Aung San Suu Kyi has been released from house arrest today, after a total of 15 years and 20 days in detention. What next? Author and human rights activist Benedict Rogers reports.
After 24 hours of uncertainty, rumour and anticipation, thousands gathered around the offices of Aung San Suu Kyi’s party, the National League for Democracy (NLD), and near her home in University Avenue to watch the pro-democracy leader as she has finally stepped out in public.
Her release, to massive cheers, was as visually momentous as Nelson Mandela’s walk out of prison in South Africa twenty years ago. There is, however, one key difference.
Mandela was freed because South Africa’s apartheid regime was crumbling, and FW de Klerk knew he had to reform. He engaged with Mandela to chart a peaceful transition to democracy, and Mandela’s release was part of a process of change. Mandela and de Klerk worked hand-in-hand.
In Burma, if the Generals have their way, there will be no change.
Aung San Suu Kyi has been freed not because Senior General Than Shwe, Burma‘s dictator, has compassion or a desire to reform, but as a public relations fig leaf to divert attention from last weekend’s sham elections, offensives against Burma’s ethnic groups and the regime’s crimes against humanity.
Aung San Suu Kyi: 'The Lady' of Burma
One of the world's most famous political prisoners, Aung San Suu Kyi has been detained for 15 out of the last 21 years. She was last freed in 2002.
Her release date come just days after the ruling military junta, under chairman of the State Peace and Development Council (SPDC) General Than Shwe, declared they had won the first elections in the country for 20 years - since Suu Kyi's NLD won a landslide victory in 1990.
Suu Kyi said she "would not dream" of taking part in Burma's elections and the NLD boycotted the vote, so the party was officially dissolved.
Read more - Aung San Suu Kyi: 'The Lady' of Burma
There will be a temptation among some in the international community to view Aung San Suu Kyi’s release as a step forward and therefore to ease pressure on the regime. Such a move would be a tragic mistake.
As Aung San Suu Kyi herself said when she was last released in 2002, “My release should not be looked at as a major breakthrough for democracy. For all people in Burma to enjoy basic freedom – that would be the major breakthrough”.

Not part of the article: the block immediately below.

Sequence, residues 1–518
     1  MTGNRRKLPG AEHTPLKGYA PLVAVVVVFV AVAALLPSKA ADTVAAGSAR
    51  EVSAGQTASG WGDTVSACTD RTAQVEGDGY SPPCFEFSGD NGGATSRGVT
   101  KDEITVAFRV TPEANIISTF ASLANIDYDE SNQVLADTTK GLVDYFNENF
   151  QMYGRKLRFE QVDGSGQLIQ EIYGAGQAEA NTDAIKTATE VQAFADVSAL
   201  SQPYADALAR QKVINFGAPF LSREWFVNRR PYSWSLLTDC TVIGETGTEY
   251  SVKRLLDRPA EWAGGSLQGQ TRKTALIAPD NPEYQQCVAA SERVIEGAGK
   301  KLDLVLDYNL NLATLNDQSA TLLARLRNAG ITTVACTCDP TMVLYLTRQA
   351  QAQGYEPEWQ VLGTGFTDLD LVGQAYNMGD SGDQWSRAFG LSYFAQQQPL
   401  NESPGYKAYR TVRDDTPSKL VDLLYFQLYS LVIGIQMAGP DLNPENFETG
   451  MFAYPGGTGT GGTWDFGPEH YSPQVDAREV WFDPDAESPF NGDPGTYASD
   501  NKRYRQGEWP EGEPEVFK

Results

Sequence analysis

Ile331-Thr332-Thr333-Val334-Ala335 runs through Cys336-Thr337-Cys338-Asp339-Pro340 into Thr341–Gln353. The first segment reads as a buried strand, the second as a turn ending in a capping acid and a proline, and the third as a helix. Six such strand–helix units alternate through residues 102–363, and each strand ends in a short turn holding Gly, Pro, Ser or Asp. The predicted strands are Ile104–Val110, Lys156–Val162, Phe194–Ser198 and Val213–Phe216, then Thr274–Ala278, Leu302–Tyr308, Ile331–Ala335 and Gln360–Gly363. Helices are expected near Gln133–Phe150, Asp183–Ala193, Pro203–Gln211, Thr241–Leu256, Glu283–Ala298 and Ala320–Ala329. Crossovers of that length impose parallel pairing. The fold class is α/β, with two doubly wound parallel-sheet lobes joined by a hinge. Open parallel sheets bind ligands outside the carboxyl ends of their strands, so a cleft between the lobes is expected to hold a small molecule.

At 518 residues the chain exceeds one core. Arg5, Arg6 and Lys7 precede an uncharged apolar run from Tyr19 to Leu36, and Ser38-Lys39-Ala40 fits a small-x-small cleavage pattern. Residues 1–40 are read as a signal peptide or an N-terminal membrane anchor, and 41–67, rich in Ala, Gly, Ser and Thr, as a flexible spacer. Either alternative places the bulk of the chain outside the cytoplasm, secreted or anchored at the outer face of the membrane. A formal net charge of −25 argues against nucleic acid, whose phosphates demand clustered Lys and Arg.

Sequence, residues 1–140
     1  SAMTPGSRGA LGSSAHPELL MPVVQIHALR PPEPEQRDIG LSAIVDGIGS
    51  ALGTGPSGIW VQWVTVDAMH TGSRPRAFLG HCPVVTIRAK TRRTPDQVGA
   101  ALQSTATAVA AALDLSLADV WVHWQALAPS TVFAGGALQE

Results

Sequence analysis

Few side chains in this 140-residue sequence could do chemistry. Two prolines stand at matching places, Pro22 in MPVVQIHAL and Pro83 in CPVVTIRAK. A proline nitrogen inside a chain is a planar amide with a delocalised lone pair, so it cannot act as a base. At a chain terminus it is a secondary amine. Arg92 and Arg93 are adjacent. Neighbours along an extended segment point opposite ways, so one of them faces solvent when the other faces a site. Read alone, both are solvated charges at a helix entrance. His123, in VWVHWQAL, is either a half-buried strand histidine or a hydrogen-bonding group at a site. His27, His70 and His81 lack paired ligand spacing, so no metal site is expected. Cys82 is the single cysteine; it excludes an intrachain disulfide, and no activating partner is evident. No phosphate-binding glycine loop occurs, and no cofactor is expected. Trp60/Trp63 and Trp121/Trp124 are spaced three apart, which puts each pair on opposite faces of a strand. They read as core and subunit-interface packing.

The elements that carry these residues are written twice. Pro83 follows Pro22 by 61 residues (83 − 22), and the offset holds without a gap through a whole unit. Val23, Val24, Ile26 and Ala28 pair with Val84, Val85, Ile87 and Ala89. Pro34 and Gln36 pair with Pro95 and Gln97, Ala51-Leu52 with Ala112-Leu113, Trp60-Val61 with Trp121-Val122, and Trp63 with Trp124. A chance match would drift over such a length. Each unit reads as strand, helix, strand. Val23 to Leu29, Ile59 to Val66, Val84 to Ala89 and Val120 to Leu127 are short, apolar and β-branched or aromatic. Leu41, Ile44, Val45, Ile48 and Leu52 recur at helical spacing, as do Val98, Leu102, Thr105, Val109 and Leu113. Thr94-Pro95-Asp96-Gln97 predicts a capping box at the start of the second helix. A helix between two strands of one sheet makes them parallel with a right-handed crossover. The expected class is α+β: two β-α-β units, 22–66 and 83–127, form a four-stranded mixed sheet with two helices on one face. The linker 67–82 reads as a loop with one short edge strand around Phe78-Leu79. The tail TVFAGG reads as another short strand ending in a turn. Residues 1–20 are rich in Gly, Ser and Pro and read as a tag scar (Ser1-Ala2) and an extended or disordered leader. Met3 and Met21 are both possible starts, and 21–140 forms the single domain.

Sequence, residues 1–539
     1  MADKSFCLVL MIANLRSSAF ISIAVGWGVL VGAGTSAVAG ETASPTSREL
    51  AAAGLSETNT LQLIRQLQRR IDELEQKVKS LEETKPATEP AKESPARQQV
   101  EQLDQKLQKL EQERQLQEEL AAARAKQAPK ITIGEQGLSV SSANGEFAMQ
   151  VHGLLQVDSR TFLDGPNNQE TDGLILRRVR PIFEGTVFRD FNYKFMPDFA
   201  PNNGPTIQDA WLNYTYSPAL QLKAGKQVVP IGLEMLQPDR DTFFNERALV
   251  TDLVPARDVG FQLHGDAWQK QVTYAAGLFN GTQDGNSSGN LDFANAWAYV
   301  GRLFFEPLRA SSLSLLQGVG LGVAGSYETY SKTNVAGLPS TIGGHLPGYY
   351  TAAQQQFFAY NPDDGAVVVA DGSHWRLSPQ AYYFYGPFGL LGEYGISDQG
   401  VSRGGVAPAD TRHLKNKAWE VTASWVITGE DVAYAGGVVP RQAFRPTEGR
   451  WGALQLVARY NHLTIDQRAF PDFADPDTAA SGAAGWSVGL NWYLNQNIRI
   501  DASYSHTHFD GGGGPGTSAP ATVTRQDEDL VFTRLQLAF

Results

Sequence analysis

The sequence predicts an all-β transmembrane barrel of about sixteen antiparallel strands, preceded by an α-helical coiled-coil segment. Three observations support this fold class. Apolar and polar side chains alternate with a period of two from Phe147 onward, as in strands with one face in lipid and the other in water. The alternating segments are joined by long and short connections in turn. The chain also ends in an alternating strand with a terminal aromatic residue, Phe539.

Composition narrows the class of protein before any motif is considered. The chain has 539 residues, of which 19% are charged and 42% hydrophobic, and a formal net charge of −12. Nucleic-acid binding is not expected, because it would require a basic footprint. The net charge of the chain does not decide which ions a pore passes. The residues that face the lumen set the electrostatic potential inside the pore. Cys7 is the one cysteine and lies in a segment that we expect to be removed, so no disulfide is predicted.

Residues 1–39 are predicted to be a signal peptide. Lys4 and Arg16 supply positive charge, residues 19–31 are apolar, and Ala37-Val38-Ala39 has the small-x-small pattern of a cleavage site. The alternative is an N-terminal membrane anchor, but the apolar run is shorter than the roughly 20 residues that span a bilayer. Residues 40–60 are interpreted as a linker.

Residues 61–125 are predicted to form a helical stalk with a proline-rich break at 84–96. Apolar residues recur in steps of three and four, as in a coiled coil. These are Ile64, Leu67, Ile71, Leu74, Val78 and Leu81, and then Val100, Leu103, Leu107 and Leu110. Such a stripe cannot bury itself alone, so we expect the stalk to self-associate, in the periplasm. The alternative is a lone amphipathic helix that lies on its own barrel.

Real progress in Burma can be measured only when all political prisoners are released, a nationwide ceasefire in the ethnic areas is declared, and the regime engages in a meaningful dialogue with the democracy movement led by Aung San Suu Kyi and genuine representatives of Burma’s ethnic groups.
The regime’s widespread and systematic use of rape as a weapon of war, forced labour, torture and the recruitment of child soldiers must stop, and there must be access for international humanitarian organisations to all parts of the country.
The military must end its shoot-on-sight policy in which ethnic civilians, including the elderly, women and children are killed at point-blank range.
Since 1996, more than 3,500 villages in eastern Burma alone have been destroyed.
More from Channel 4 News on Burma
In other parts of the country, particularly Chin, Arakan and Kachin states in western and northern Burma, religious persecution of Christians and Muslims is a policy alongside rape and forced labour. Only when all the people of Burma, regardless of ethnicity and religion, are assured equal rights and real peace can we talk of progress.
To achieve this, the international community must now redouble its efforts. A carefully co-ordinated strategy of targeted pressure and high-level engagement must be developed. The past week has shown that the regime does care more about international opinion than we sometimes realise. Why else would they go through the motions of elections, albeit a sham and charade? Why else would they free Aung San Suu Kyi? The Generals do not like their pariah status.
The UN Secretary-General Ban Ki-moon must therefore take personal leadership of efforts to support the people of Burma in their struggle for freedom.
He must deploy all the resources available to him to revive a UN-led initiative to encourage dialogue in Burma. Dialogue is the one policy which unites everyone. The UN Security Council, General Assembly, Human Rights Council and Secretary-General, the European Union, the United States, the Association of South-East Asian Nations (ASEAN) and even China have called for dialogue.
Aung San Suu Kyi and the ethnic nationalities have both indicated their readiness to talk – indeed, dialogue and national reconciliation is the centrepiece of their platform.
The regime has taken a risk in releasing Aung San Suu Kyi today. Twenty-two years after she first won the hearts of her people during pro-democracy protests in Rangoon, she retains the most extraordinarily potent political role. She is as central and relevant to Burma’s politics as ever. No one else has the capacity to inspire, mobilise and unite people the way she can. Among the ethnic nationalities, she is the only Burman whom people speak of with genuine love and respect.
In taking this risk, the regime should now be urged to seize the opportunity it presents – to enter into dialogue, and chart a new future for Burma. The alternative is increased political tension and an escalation in ethnic conflict. This is a carpe diem moment for Burma, and for the international community. Let it not be yet another missed opportunity.
Benedict Rogers is a human rights activist working with Christian Solidarity Worldwide (CSW) based in London. He has made more than 30 visits to Burma and its borderlands, and is the author of Than Shwe: Unmasking Burma’s Tyrant (Silkworm Books, 2010).